2. Whilst some of the traditional market no longer may provide value, Insurtech firms have expanded into other insurance markets and non-traditional insurance fields in order to find additional customer bases. Insurtech firms in China raised $673.7 million in 2021 and $1.42 billion in 2020 and Insurtech companies in India raised $1.33 billion in 2021. Insurtech are at the forefront of looking into products using parametric triggers developing new data sets taking advantage of sophisticated analytics to allow new insurance opportunities. These new fields could consider not only weather events, but also system outages and other wide-ranging catastrophes.
  3. Active partnerships with existing insurers. Historically, Insurtech firms were looking for revolution in the insurance field by changing the dynamics in consumer insurance. What is now being considered is more of an evolutionary approach; working with the insurance companies to enhance their value chains to provide better customer service and outcomes. Insurtech look at ways to allow customers more control over their choices both at a purchasing and claims stage, which allows insurers to better use their internal resources to focus on customers that may need more support. The win-win scenario is driving these Insurtech firms who have a greater understanding of the needs of insurers than perhaps was there in the past.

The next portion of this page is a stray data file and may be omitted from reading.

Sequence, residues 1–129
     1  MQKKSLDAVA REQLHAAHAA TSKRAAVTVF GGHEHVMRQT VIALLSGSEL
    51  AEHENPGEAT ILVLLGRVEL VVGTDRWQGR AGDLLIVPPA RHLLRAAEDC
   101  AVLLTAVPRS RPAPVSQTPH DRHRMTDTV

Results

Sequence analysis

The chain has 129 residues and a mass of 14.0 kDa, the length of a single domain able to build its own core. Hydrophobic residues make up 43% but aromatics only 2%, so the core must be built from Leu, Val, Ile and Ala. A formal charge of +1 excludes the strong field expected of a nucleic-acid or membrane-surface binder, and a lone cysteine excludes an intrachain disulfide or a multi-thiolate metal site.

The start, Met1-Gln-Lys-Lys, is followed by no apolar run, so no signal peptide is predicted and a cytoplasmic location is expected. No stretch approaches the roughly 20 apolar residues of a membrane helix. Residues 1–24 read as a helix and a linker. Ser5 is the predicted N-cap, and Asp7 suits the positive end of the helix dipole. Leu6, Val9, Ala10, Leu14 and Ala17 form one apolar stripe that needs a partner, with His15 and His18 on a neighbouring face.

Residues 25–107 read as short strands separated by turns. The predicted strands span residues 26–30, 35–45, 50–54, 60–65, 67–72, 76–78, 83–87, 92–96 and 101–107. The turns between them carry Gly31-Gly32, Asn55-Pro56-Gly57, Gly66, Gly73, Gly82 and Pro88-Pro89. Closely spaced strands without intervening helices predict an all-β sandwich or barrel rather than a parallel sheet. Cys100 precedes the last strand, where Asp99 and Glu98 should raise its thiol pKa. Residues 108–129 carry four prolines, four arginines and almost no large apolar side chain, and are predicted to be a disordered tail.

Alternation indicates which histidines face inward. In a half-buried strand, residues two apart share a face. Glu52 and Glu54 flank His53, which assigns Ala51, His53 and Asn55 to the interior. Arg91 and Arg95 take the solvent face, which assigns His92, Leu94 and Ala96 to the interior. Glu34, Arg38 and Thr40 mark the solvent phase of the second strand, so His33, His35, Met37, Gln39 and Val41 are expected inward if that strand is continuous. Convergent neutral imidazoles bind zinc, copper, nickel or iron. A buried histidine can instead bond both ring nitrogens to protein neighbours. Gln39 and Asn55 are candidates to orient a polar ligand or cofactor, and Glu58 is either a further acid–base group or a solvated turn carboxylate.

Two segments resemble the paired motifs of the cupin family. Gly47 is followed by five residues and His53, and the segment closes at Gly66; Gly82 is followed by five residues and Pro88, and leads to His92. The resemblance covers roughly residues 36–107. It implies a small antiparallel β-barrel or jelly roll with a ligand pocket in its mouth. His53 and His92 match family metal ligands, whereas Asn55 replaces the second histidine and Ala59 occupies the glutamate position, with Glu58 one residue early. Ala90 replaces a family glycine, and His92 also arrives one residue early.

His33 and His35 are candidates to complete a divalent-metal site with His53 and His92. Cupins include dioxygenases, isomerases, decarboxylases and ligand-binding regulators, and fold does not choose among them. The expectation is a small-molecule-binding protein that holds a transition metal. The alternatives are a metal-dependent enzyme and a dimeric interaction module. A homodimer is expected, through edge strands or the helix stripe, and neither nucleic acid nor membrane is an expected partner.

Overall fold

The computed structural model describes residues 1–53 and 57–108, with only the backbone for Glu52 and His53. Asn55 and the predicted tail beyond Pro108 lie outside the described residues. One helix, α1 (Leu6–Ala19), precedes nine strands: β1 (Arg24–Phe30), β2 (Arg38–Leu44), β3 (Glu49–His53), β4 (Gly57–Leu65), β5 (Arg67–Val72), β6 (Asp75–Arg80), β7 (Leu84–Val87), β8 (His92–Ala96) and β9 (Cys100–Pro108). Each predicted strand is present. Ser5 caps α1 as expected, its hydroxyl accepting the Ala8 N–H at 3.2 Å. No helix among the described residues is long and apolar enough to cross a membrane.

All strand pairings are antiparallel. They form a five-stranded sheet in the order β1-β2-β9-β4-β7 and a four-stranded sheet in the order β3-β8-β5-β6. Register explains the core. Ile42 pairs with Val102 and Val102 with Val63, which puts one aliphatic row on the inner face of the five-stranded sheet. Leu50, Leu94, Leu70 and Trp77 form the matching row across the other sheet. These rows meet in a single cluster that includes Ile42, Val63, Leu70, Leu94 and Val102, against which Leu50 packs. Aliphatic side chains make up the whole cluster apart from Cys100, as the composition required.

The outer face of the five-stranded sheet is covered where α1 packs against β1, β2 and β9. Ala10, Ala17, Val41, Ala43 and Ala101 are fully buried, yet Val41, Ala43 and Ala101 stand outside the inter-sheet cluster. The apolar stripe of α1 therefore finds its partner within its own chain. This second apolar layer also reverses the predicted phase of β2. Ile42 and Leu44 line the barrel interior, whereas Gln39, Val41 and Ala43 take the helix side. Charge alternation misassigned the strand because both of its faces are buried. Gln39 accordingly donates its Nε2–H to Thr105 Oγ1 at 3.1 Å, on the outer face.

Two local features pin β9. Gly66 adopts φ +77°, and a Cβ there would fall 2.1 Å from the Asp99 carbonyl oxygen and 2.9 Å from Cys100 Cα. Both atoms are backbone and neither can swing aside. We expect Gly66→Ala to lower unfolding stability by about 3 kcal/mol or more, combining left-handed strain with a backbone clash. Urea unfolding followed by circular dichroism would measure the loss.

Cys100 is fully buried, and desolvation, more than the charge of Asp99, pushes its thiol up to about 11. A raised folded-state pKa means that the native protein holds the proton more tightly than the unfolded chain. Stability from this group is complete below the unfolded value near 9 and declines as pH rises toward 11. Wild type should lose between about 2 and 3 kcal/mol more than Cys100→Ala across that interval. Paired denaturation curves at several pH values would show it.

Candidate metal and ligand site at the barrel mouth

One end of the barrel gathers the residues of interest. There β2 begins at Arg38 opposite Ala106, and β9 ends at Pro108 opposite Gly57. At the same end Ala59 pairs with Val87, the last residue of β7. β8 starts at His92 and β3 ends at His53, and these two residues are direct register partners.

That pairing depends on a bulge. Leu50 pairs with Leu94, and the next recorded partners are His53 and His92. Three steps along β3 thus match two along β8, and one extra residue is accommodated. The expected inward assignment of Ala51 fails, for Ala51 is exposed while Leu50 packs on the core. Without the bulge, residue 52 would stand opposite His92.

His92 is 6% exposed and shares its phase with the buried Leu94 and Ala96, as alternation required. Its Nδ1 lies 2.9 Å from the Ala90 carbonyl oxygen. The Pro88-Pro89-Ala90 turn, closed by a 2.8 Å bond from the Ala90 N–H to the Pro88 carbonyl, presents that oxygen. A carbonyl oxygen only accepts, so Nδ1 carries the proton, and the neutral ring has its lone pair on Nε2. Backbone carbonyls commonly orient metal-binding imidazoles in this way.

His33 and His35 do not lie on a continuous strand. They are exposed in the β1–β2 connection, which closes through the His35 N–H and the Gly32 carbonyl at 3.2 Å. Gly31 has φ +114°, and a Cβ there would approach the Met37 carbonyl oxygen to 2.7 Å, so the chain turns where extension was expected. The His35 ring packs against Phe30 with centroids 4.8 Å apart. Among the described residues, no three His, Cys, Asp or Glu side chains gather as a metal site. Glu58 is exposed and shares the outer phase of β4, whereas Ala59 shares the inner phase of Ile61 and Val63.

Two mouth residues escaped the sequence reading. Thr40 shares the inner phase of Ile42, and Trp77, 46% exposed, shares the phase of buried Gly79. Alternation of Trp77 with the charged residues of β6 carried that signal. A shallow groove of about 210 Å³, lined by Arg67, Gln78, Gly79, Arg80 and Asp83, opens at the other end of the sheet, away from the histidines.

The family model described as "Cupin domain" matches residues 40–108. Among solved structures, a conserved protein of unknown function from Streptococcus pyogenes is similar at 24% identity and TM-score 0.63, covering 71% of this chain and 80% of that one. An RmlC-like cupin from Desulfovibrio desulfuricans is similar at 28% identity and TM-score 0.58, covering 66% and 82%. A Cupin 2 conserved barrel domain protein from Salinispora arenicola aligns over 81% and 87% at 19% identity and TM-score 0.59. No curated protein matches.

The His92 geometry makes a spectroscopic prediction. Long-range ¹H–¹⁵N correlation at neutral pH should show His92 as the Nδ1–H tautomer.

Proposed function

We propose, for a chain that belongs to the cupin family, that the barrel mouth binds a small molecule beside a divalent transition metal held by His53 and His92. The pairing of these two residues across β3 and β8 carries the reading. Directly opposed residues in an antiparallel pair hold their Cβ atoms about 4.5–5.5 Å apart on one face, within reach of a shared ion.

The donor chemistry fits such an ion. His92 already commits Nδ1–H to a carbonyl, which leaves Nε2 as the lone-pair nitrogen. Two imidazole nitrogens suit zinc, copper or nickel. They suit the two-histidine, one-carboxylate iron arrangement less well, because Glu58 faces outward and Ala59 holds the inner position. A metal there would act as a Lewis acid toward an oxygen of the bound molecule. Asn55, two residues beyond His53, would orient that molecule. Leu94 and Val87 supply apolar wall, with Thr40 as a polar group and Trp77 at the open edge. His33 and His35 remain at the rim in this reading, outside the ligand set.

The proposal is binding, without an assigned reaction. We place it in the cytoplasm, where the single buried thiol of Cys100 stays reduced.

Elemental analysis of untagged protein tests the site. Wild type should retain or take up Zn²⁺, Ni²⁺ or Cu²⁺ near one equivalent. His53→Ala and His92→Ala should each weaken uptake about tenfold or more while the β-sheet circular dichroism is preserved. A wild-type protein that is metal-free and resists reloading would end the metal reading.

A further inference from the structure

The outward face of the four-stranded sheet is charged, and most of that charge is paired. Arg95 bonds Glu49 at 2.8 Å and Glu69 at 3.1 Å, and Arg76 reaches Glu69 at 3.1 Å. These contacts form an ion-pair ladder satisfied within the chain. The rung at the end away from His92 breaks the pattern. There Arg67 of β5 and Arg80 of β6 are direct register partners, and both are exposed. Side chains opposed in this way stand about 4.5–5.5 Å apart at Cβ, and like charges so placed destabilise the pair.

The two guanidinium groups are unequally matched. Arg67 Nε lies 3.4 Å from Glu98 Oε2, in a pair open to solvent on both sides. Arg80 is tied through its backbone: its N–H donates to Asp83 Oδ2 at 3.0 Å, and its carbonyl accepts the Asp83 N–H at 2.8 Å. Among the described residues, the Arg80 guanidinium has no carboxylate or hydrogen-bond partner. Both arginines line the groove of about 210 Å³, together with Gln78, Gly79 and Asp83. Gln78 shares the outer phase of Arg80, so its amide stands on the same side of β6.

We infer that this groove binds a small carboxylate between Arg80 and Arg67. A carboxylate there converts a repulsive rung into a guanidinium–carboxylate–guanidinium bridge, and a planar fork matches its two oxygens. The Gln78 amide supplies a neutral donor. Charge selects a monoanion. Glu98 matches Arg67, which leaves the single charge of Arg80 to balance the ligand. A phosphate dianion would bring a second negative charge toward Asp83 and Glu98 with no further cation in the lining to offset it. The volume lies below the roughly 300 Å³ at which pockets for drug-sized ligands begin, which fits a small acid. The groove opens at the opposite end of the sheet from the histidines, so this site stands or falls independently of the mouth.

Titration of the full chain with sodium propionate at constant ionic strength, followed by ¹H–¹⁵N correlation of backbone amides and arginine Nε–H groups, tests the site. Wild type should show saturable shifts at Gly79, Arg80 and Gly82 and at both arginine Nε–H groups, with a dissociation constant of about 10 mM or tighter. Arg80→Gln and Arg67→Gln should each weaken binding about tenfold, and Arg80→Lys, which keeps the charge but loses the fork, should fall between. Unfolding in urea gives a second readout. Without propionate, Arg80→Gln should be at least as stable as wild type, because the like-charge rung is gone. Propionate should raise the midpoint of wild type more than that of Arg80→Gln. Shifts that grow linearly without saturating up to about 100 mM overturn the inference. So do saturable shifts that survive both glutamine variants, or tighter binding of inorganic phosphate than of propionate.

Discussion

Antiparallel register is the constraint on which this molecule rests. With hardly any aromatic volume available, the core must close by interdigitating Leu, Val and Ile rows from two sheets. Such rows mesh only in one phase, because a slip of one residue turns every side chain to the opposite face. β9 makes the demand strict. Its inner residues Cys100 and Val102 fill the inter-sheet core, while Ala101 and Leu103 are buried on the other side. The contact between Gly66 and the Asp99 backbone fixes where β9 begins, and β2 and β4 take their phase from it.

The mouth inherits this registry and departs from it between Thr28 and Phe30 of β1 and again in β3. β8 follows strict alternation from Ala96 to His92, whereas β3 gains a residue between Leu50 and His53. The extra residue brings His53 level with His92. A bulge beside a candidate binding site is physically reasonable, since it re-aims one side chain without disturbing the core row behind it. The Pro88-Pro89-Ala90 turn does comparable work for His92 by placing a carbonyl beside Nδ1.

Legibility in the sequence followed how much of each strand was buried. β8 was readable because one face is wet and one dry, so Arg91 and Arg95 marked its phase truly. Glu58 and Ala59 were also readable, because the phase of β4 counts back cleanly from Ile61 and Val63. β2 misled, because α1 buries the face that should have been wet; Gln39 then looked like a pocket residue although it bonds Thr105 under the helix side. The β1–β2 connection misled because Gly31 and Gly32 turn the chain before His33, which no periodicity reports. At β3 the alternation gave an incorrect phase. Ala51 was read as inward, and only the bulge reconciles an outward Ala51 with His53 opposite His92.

Therefore, the days in traditional markets of a new Insurtech launching and in a few years becoming an established market player may be gone, but the importance Insurtech firms add to the evolution of the insurance field is vital. Allowing the development of opportunities both in new fields of insurance and adding value to customers in traditional fields. Insurtech firms, themselves, have undergone substantial change in the last few years from (potentially) aggressive new insurgents to partners for existing firms allowing growth and development. Where the next few years will lead, no one can tell but it is more than likely Insurtech firms will be leading the way in innovation and design of both new insurance products and changes in the value chain to benefit customers and insurers alike.